State Department spokesman P.J. Crowley strove hard to hit the right note August 2 in describing the Obama administration’s recent effort to push the Palestinians into direct peace talks with Israel.
“There are consequences to failing to take advantage of this opportunity,” Crowley said of the Palestinians’ reluctance to enter direct talks, as reporters peppered him with questions regarding what was widely seen as American pressure on Palestinian leader Mahmoud Abbas. But then he quickly added that his statement was “not a threat,” making clear that the United States is “not picking a fight with anybody.”
Behind the laundered language used by American officials to describe the state of relations with the Palestinian Authority stands an American attempt to tread a thin line. On the one hand, the administration, according to both its public statements and the private messages that it relayed to the parties, believes that it is critical to enter direct talks before Israel’s settlement freeze expires in late September. On the other hand, the administration wishes to avoid being seen as pushing Abbas beyond his political comfort level, thus potentially losing its key ally on the Palestinian side.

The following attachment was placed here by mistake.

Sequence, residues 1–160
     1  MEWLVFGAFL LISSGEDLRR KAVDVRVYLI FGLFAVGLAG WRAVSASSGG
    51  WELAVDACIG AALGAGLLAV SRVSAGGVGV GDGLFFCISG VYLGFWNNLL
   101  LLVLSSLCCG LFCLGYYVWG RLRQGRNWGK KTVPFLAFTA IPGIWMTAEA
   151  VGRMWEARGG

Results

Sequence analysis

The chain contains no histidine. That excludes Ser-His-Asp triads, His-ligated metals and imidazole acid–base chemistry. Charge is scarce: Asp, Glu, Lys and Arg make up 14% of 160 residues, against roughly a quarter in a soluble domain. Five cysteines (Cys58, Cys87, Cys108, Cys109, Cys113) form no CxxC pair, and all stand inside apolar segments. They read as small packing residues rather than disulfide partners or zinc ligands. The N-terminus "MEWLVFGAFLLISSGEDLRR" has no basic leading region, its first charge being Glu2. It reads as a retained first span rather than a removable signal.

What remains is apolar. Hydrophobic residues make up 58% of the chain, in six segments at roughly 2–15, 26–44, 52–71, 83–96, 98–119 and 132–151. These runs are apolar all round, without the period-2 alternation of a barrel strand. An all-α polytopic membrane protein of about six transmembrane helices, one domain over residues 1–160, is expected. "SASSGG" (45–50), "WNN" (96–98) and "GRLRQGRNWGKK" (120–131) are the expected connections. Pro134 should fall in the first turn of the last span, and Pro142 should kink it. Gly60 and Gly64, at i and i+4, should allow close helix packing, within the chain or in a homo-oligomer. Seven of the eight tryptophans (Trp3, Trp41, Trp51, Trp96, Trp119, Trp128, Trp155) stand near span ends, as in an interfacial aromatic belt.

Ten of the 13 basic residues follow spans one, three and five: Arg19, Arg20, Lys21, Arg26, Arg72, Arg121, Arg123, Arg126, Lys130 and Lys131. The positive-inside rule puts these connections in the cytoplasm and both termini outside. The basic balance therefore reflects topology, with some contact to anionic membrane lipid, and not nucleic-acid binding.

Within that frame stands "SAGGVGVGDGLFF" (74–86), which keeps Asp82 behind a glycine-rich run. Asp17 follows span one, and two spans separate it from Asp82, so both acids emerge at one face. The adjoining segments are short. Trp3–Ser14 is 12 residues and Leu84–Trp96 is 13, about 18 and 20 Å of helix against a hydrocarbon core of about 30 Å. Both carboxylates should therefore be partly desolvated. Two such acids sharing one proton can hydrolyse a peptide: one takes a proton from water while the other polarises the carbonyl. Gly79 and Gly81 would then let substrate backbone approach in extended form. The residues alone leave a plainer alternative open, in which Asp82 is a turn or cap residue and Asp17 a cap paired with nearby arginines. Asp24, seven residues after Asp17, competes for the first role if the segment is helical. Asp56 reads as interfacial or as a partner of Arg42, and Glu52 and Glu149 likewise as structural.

But as the Middle East peace process takes on a new theme, one in which Israel is praised for its forthcoming approach and the Palestinians are seen as obstructing the administration’s goal of launching direct negotiations, it is clear that the heat is now on Abbas.
On July 16, President Obama sent Abbas a letter urging him to enter direct talks with Israel and making clear that if the Palestinians wish to see progress toward achieving a two-state solution, direct talks are the only way.
The White House did not make the content of the letter public, but administration officials disputed accounts in the Arab media claiming the letter threatened that American-Palestinian relations would take a hit if the leadership in Ramallah does not give its consent to direct talks.
“It is flat-out wrong,” said a State Department official who asked not to be named.
“We are having an open and frank exchange with the Americans,” Maen Areikat, head of the Palestine Liberation Organization delegation in Washington, told the Forward “It never reached the point in which pressure was exerted.”
According to Areikat, differences with the Obama administration focus on the Palestinian demand to set clear terms of reference and timelines for direct talks, and to ensure that Israel does not expand settlements while negotiations take place.
But although the United States declined to use the term “pressure,” Palestinian officials and Israeli diplomatic sources briefed on talks with the P.A. said the administration had a clear message. Abbas and his negotiators were told by Obama and by Middle East special envoy George Mitchell that direct talks are the only game in town and that any expectation for Israeli concessions could be realized only after entering talks.
In comparison with the treatment that Israel’s government received when it refused to accept America’s demands, the pressure on Abbas seems minor. Israel’s prime minister, Benjamin Netanyahu, had to endure a cold shoulder in Washington and public scolding from top administration officials after deciding to build in East Jerusalem. For Abbas, also known as Abu Mazen, harsh language, if any, was kept away from the public eye.